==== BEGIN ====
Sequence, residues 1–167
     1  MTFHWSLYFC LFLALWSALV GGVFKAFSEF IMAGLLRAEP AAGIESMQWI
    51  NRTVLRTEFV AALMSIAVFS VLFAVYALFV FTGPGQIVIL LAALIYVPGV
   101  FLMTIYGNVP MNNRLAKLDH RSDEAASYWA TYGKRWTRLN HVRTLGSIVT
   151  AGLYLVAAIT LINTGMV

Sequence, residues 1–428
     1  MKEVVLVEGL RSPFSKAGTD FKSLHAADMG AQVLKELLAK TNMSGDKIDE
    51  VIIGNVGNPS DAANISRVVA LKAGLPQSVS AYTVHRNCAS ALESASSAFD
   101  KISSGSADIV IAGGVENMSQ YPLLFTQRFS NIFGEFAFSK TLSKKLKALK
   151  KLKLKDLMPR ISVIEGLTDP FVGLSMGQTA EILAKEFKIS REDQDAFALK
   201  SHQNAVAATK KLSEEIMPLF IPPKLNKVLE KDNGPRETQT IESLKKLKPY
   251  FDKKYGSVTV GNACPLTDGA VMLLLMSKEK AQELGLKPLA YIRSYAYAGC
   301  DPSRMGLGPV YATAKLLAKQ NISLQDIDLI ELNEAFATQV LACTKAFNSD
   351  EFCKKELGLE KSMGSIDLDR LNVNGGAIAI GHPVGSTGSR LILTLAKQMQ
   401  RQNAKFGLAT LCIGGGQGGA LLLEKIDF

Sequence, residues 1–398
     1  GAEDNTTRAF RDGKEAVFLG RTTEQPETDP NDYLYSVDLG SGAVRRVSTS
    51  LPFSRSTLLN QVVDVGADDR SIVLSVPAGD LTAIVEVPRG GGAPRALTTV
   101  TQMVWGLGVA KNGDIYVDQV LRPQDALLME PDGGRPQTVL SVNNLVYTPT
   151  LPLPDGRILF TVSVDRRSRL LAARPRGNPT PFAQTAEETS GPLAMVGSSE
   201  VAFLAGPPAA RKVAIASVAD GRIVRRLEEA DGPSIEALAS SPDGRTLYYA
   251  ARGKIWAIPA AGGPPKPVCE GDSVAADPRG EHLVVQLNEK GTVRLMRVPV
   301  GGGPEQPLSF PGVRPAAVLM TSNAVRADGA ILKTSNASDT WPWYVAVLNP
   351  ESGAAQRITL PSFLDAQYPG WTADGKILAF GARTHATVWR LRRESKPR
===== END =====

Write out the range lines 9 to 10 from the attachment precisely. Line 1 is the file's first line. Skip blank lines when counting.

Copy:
   101  KISSGSADIV IAGGVENMSQ YPLLFTQRFS NIFGEFAFSK TLSKKLKALK
   151  KLKLKDLMPR ISVIEGLTDP FVGLSMGQTA EILAKEFKIS REDQDAFALK